Simon and Schuster, Jun 2003, 25.00, 383 pp.
A veteran of the worst atrocities of World War I including poison gas, Ray "Fos" Foster travels the American countryside carrying the scientific marvel, X-ray equipment. Fos claims to be an expert "Phenomenologist". Visiting the Carolina's Outer Banks for a meteor show, Fos meets and falls in love with Opal.
The duo marries as they share more than attraction. Both love everything scientific. Opal accompanies Fos on his circuit where he displays his X-ray machine at county fairs. He demonstrates the capabilities of x-rays to penetrate the skin by irradiating Opal's foot. Fos' scientific knowledge reputation grows until the Feds hire him to work for the Tennessee Valley Authority and ultimately during World War II at Site X in Oak Ridge. However, his idyllic life hits a major detour when Opal falls mysteriously ill. Science fails to help Fos, as he and the doctors know not why or what she suffers from.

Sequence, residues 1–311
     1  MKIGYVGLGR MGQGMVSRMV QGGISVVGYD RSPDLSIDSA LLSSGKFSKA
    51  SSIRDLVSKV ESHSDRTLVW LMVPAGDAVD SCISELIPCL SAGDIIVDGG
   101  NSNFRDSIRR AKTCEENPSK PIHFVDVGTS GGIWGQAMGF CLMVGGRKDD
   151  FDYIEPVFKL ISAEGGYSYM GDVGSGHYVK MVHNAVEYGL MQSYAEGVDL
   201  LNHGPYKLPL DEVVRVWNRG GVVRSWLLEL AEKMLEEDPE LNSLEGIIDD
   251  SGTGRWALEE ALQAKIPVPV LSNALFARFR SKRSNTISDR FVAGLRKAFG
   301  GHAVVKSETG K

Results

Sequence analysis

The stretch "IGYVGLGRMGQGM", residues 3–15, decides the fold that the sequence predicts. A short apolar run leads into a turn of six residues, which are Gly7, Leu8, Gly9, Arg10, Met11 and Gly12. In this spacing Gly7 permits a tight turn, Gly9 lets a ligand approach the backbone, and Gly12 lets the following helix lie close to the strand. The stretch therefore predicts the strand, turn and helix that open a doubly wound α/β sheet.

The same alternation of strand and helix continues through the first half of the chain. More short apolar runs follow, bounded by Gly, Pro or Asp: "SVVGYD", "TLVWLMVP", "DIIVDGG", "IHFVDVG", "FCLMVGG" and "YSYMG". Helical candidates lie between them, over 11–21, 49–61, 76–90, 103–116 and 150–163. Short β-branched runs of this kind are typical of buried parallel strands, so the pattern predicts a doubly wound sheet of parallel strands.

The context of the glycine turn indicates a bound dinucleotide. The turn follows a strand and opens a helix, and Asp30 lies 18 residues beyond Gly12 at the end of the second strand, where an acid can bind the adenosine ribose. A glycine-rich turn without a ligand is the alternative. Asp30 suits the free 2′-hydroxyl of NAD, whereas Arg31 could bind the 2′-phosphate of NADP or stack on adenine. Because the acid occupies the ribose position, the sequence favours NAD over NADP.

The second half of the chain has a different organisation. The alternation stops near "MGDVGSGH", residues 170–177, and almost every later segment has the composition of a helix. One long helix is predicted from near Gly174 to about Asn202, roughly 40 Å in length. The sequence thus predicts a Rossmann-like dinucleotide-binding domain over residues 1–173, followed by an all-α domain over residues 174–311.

The lead couple and a lad that they adopt are strong characters but the link to science seems farfetched, even with the character names loosely connected to science. The story line vividly describes the years between the great wars especially achievements that come across as homage to scientific accomplishment yet also carries a warning of beware what you create. It is this dual sword inside a deep look back at twentieth century that makes this epic worth reading.
This report prepared by Harriet Klausner